The properties of plastics can be related to simple models of their structues.

-Plastics that have weak intermolecular forces between polymer molecules have low melting points and can be stretched easily as the polymer molecules can slide over each other.

-Plastics that have strong forces between the polymer molecules (covalent bonds or cross-linking bridges) have high melting points, cannot be stretched are are rigid.

If the intermolecular forces between two polymer molecules are weak, the plastic can easily be stretched.

18 of 28

Proteins and hydrocarbons.

Protein molecules in eggs and meat permanently change shape when eggs and meat are cooked.

This changing of shape is called 'denaturing'.

The texture of egg or meat changes when it is cooked because the shapes of the protein molecules change permanently.

Potato is a carbohydrate which is easier to digest if it is cooked because:

-the starch grains swell up and spread out

-the cell walls rupture resulting in the loss of their rigid structure and a softer texture is produced.

19 of 28

Baking powder.

Baking powder is sodium hydrogencarbonate.

When it is heated it breaks down (deecomposes) to give carbon dioxide.

The word equation for the decomposition of sodium hydrogencarbonate is:

sodium hydrogencarbonate > sodium carbonate + carbon dioxide + water.

The balanced symbol equation for the decomposition of sodium hyrogencarbonate is:

2NaHCO3 + Na2CO3 > CO2 + H2O

20 of 28


Emulsifiers are molecules that have a water-loving (hydrophilic) part and an oil or fat-loving (hydrophobic) part.

The oil- or the fat- loving part goes into the fat droplet.

Emulsifiers help to keep oil and water from seperating:

-The hydrophilic end bonds to the water molecules.

-The hydrophobic end bonds with the oil or fat molecules.

-The hydrophilic end is attracted to the water molecules which surround the oil, keeping them together.

21 of 28


Alcohols react with acids to make an 'ester' and water.

alcohol + acid > ester + water.

Esters are used to make perfumes.

An ester can be made using a simple experiment.

-The acid is added to the alcohol and heated for some time.

-The condenser stops the gas from escaping and helps to cool it down again, so that it can react more.

-The condenser allows the reaction to go on for longer.

22 of 28

Perfume properties + Solutions.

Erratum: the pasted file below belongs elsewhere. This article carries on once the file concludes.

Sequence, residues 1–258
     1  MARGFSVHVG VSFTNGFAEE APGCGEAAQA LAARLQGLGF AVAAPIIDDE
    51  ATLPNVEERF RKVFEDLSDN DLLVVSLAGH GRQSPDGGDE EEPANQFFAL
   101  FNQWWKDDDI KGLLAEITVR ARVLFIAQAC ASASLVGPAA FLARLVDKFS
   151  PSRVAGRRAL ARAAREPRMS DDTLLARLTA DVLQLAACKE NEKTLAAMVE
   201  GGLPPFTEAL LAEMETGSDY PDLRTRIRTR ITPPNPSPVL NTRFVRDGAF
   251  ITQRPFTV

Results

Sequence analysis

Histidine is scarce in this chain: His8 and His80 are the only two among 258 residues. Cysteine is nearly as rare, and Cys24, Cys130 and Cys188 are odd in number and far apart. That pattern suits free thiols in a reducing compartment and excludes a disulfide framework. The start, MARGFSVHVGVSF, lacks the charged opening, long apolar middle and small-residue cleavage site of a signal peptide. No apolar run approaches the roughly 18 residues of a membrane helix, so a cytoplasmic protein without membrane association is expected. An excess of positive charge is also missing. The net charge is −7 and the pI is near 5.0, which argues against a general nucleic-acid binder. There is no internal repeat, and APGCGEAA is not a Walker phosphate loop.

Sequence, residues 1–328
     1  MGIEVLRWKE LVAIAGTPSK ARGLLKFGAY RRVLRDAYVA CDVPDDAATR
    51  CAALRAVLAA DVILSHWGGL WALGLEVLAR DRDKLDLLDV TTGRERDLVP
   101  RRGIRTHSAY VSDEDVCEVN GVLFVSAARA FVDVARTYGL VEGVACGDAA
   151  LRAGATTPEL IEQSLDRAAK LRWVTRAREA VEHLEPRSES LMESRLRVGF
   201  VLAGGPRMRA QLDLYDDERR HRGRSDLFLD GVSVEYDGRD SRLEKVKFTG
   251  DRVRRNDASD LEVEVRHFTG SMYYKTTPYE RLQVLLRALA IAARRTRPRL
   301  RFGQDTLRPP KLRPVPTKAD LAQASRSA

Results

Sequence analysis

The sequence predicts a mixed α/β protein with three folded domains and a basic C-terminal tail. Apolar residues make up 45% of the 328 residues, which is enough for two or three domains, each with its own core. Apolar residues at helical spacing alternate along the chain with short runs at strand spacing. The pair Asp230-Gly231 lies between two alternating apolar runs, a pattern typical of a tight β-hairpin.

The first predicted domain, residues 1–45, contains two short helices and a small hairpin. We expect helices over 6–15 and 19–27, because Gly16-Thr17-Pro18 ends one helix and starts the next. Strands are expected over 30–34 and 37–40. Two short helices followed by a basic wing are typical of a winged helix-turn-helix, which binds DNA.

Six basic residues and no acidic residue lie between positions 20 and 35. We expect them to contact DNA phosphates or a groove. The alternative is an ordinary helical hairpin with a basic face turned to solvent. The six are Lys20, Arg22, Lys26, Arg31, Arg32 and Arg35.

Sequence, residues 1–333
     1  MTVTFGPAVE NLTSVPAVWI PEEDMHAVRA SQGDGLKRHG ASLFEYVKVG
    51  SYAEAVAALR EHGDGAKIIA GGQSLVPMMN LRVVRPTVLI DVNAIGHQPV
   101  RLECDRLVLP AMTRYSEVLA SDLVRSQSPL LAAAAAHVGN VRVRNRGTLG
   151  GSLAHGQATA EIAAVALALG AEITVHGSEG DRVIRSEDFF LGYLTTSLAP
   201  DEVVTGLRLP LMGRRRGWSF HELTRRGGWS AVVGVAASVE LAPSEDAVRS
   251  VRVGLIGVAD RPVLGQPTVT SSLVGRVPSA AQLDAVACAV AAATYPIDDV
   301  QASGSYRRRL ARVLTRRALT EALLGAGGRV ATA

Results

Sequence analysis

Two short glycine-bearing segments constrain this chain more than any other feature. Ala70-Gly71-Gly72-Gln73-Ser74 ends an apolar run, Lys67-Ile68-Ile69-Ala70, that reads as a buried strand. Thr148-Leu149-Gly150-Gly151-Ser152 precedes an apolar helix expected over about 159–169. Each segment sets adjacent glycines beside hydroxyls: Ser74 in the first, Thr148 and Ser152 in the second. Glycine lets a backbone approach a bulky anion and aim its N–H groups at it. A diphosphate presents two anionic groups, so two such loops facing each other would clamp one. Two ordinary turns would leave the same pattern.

A perfume must have certain properties. It must:

- Evaporate easily so that the perfume particles can reach the nose.

- Be non-toxic so it does not poison you.

- Not react with water so the perfume does not react with perspiration.

- Not irritae the skin so the perfume can be put directly onto the skin.

- Be insoluble in water so it cannot be washed off easily.


A solution is a mixture of solvent and solute that does not seperate out.

Esters can be used as solvents.

23 of 28


The volatility, or ease of evaporation of perfumes, can be explained in terms of kinetic theory.

-In order to evaporate, particels of a liquid need sufficient kinetic energy to overcome the forces of attraction to other molecules in the liquid.

-Only weak attractions exist between particles of the liquid perfume so it is easy to overcome these attractions as they have sufficient kinetic energy.

Water will not dissolve nail varnish.

- The attraction between the water molecules is stronger than the attraction between the water molecules and the nail varnish molecules.

- The attraction between the nail varnish molecules is stronger than the attraction between water molecules and the nail varnish molecules.

24 of 28


Paint is a colloid where the particles are mixed and dispersed with particles of a liquid (binding medium) but are not dissolved.

The components of a colloid will not seperate because the particles are scattered or dispersed throughout the mixture and are sufficiently small so as not to settle at the bottom.

25 of 28

Paint drying.

Most paints dry because:

-Paints are applied as a thin layer.

-The solvent evaporates.

Emulsion paints are water based

paints that dry when the solvent


Oil paints dry because:

-The solvent evaporates.

-The oil is oxidised by atmospheric oxygen.

26 of 28

Thermochromic pigments.

Thermochromic pigments change colour at different temperatures. Thermochromic pigements are used:

- As thermometres because they change colour when the temperature of the body or the temperature of a fridge rises.

- In the manufacture of some cups - the colour changes to show when they are hot.

- In electric kettles to keep users safe when boiling water.

- In babies spoons and bath toys, to warn if the spoon or toy is too hot.

Themrochromic pigments can be added to acrylic paints to make even more colour changes. If a blue thermochromic pigment which turns colourless when hot is added to yellow acrylic paint, the paint will appear green when cool and yellow when hot.

27 of 28

Phosphorescent pigments.

Phosphorescent pigments glow in the dark because:

-They absorb and store energy.

-They release the energy as light over a period of time.

Phosphorescent pigments are much safer than the older, altenative radioactive paints.

28 of 28


No comments have yet been made

Similar Chemistry resources:

See all Chemistry resources »See all Acids, bases and salts resources »